WHEREAS child pornography has become very accessible by way of the internet;

AND WHEREAS enforcement of the child pornography law has not been effective due to the lack of a national strategy among federal, provincial, regional and municipal authorities;

AND WHEREAS the courts have taken a lenient approach to sentencing those found guilty of violation of the child pornography law despite the fact that the Criminal Code provides a five year maximum sentence for possessing child pornography, and a ten year maximum sentence for distributing child pornography;

AND WHEREAS the courts have compromised the police forces in Canada in regard to investigations of child pornography due to the requirement that extensive evidence be provided before a search warrant is granted. Further, the requirement of time-intensive and costly full disclosure to the defence lawyers of all evidence seized in an investigation – which obligates the police to categorize and photocopy all images and photographs seized in an investigation, instead of requiring only samples of such evidence – creates further difficulties for the police force;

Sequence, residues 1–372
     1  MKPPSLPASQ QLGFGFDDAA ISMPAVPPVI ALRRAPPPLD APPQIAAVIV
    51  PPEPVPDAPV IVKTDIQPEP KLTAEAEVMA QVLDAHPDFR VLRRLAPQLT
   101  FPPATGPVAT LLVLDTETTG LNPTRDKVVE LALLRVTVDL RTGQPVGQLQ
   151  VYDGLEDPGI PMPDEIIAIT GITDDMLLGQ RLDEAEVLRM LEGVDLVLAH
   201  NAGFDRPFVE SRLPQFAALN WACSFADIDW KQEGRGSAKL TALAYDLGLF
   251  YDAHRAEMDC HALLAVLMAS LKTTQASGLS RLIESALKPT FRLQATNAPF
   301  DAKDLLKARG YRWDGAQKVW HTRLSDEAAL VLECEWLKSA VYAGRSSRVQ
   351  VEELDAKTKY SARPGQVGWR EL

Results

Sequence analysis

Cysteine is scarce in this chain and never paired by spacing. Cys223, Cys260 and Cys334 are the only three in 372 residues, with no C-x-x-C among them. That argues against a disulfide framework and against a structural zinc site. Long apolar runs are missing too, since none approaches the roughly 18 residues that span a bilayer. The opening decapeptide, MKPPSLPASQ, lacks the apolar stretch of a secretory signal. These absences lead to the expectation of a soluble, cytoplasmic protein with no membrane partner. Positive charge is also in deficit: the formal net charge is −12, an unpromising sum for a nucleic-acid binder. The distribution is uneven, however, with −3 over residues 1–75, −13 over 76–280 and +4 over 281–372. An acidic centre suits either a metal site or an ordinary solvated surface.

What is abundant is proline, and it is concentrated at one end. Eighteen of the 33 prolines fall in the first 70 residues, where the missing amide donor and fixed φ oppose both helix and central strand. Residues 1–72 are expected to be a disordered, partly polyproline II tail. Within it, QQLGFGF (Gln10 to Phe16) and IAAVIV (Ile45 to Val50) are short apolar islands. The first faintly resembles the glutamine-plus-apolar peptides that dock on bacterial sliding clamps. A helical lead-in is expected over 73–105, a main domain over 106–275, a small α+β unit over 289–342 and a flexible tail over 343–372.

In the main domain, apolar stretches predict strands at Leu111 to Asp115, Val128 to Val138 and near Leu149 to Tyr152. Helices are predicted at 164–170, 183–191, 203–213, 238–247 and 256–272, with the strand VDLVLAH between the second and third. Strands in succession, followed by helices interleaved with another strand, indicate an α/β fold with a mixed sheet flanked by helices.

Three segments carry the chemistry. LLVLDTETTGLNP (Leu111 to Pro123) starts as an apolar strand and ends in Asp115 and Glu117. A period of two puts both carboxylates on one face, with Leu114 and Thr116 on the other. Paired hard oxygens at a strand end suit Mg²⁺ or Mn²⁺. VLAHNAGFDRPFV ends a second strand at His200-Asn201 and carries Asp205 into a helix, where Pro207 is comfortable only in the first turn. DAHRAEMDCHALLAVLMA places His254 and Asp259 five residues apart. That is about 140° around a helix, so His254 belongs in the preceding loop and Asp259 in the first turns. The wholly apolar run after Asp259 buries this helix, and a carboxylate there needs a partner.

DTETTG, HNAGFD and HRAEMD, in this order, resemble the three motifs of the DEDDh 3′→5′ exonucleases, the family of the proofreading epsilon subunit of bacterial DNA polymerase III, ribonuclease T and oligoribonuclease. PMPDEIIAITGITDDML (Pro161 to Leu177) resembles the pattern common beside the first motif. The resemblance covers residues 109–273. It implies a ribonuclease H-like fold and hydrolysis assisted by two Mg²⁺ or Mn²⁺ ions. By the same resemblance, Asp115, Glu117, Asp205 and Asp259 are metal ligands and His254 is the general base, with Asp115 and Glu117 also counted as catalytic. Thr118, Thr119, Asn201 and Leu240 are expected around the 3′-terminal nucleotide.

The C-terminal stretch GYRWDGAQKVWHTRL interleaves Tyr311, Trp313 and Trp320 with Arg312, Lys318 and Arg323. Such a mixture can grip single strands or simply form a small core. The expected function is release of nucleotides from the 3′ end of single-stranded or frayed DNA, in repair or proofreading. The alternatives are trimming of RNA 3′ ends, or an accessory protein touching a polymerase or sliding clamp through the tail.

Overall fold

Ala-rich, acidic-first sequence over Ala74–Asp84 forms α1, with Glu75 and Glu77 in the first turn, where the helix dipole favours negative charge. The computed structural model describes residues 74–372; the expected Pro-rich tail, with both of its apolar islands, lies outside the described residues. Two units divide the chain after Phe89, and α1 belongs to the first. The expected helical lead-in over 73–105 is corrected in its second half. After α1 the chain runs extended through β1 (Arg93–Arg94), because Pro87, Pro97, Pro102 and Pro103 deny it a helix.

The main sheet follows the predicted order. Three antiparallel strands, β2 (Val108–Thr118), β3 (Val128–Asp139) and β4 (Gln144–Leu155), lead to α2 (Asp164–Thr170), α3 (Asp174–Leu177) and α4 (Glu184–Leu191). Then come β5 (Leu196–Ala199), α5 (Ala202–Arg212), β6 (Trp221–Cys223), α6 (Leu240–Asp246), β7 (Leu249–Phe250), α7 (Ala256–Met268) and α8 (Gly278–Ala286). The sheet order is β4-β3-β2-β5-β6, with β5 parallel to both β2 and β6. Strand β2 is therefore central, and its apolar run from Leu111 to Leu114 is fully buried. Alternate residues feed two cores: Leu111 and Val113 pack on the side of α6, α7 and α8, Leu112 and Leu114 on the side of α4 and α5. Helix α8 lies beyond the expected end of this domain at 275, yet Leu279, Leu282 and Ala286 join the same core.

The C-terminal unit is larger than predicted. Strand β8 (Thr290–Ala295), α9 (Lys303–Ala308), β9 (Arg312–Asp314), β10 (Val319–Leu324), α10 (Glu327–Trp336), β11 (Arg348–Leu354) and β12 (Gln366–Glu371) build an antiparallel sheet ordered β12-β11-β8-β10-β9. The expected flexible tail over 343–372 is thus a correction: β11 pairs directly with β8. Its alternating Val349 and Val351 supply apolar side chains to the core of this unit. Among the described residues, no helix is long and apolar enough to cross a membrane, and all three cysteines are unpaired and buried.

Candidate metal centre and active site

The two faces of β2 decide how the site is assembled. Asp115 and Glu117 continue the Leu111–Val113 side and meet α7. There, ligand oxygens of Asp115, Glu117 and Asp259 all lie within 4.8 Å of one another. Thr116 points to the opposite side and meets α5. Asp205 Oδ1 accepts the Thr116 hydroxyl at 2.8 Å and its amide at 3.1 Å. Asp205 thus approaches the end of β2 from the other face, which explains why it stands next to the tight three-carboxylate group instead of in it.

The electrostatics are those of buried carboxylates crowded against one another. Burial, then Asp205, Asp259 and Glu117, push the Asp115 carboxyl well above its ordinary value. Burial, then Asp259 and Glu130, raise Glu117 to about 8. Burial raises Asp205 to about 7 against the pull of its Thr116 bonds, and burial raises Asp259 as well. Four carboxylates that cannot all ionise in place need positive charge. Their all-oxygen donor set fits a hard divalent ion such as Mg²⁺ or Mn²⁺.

BE IT RESOLVED that a national strategy for the enforcement of child pornography be developed, and that the legal impediments to obtaining search warrants by the police and the extensive disclosure rules be amended to facilitate the prosecution of child pornography cases; and

BE IT FURTHER RESOLVED that sentencing guidelines be provided to the judges so that stricter sentences be handed down in child pornography cases; and

BE IT FURTHER RESOLVED that financial resources be provided for more manpower and internet training for Canadian police forces in order to enable them to properly carry out their responsibilities in enforcing the child pornography law in Canada.